The film has been created for The Jimmy Nelson Foundation on the United Nation’s World Day for Cultural Diversity for Dialogue and Development
On the occasion of the United Nation’s World Day for Cultural Diversity for Dialogue and Development, Wunderman Thompson India along with The Jimmy Nelson Foundation has released a short film ‘#SOS Save Our Sentinels – The Blink Film’ that celebrates the cultural diversity of indigenous tribes across the world.
The short film highlights the cultural identity of the last sentinels of our natural reserves, the last 36 indigenous tribes in still photographs tied together from thousands of original documented photographs over the last twenty years by photographer Jimmy Nelson and his team. “Indigenous tribes are endangered in their own ancient habitats. The film celebrates the last few of these tribes for standing still, despite the threat to their cultural identity and their own forest lands,” the foundation said.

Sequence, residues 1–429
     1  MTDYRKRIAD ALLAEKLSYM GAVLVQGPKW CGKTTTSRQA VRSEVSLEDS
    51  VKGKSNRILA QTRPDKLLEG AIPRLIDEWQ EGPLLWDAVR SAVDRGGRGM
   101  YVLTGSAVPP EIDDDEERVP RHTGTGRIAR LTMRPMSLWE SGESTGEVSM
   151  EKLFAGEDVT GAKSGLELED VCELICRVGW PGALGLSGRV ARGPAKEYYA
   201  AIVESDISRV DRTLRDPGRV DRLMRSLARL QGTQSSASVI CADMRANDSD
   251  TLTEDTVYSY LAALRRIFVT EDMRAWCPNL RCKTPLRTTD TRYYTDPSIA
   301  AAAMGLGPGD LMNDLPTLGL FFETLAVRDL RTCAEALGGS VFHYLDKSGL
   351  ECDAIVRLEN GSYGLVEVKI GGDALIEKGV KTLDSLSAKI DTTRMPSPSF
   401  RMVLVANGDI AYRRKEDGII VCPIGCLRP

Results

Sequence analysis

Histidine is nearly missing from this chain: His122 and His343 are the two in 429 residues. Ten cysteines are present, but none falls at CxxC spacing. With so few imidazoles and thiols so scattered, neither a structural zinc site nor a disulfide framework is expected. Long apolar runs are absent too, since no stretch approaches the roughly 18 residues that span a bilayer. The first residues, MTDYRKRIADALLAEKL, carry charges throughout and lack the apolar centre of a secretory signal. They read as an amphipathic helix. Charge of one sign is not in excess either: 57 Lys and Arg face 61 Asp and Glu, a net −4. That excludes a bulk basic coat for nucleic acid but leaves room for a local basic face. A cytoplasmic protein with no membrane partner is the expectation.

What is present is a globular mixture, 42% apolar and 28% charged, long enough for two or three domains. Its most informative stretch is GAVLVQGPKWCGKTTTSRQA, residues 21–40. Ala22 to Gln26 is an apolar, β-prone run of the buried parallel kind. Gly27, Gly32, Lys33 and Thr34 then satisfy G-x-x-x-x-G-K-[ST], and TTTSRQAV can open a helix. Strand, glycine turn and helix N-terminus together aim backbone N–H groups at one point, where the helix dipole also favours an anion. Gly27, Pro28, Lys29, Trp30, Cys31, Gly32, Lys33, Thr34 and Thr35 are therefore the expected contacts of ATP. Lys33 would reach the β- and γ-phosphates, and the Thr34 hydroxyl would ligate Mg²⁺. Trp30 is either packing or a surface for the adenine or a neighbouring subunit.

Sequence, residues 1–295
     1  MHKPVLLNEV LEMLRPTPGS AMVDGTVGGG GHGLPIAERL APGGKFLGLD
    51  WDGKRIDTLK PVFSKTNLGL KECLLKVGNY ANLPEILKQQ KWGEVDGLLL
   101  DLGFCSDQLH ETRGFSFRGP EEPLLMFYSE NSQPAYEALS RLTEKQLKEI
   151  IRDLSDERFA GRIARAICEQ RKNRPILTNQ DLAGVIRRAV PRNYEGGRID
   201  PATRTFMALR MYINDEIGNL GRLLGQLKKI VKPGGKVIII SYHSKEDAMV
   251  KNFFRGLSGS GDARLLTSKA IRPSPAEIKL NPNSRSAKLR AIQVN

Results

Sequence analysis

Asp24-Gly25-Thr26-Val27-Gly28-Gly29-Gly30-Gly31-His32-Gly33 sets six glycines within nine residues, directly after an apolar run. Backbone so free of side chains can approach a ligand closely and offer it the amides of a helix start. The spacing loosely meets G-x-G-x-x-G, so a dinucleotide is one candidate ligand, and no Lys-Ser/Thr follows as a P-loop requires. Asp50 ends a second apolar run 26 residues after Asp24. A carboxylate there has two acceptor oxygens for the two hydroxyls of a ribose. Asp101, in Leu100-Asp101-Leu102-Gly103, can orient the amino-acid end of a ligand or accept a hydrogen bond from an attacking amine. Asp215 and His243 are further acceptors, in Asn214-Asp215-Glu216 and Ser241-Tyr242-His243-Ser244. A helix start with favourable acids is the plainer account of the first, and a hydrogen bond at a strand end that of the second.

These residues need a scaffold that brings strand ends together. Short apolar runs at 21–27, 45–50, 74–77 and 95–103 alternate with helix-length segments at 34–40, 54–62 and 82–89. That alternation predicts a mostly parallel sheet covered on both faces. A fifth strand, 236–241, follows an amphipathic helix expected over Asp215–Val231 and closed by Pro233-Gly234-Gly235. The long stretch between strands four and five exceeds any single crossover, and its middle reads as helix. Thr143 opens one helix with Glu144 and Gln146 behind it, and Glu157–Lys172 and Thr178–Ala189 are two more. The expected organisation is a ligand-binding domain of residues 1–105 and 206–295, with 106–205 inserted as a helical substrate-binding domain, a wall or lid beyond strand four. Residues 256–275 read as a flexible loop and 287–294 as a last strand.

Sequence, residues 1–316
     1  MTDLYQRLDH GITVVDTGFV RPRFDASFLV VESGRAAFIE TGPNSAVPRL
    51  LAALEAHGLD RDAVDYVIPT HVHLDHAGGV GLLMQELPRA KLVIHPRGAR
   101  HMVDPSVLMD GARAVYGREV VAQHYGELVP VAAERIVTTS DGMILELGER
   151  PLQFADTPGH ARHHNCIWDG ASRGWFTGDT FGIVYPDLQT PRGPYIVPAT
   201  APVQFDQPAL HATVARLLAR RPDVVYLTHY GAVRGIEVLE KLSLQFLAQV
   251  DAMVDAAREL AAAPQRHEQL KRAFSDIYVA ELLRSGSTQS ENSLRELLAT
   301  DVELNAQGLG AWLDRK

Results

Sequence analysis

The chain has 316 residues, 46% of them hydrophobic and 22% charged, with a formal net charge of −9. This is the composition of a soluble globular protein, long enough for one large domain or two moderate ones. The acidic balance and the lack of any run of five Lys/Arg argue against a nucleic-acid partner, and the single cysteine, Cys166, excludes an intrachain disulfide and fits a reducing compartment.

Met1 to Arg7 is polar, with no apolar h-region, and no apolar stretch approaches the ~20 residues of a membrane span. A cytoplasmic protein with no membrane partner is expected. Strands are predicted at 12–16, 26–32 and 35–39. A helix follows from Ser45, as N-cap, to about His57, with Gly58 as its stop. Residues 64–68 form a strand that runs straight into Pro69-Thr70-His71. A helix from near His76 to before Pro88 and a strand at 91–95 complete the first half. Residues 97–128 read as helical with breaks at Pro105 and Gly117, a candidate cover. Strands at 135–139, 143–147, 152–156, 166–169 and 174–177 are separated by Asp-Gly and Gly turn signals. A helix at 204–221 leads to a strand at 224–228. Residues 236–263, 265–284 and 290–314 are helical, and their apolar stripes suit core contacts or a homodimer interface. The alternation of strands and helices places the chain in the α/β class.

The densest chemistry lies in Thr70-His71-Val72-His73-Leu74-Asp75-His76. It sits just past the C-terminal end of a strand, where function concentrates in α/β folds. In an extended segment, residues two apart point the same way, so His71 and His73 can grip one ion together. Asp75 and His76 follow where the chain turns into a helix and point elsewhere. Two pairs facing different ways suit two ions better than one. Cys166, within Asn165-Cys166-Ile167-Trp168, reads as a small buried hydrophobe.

The soundtrack is a multilingual musical expression with lyrics from ancient tribal sayings and forgotten folk songs recorded on location from almost all the indigenous tribes featured in the film. The musical narrative includes Indigenous influences from Africa, Siberia, India, South America and the Aboriginals of Australia. According to Jimmy Nelson, there has never been a better time than now than to bow and acknowledge the superheroes of the natural world. “They can guide us out of these dark times into the light of a healthy future.”
The whole process took me and my team of researchers, editors, music directors and sound engineers over seven months to put this seven-minute iconographic narrative together from thousands of rare images of the last 36 indigenous tribes and archival footage of their endangered habitats, documented over the last twenty years, Senthil Kumar, chief creative officer, Wunderman Thompson, India, added. “#SOS Save Our Sentinels is an iconography of the last indigenous tribes to put them in the spotlight and celebrate their cultural identity. A powerful photographic documentary and cultural commentary on the last sentinels of our natural reserves,” he added.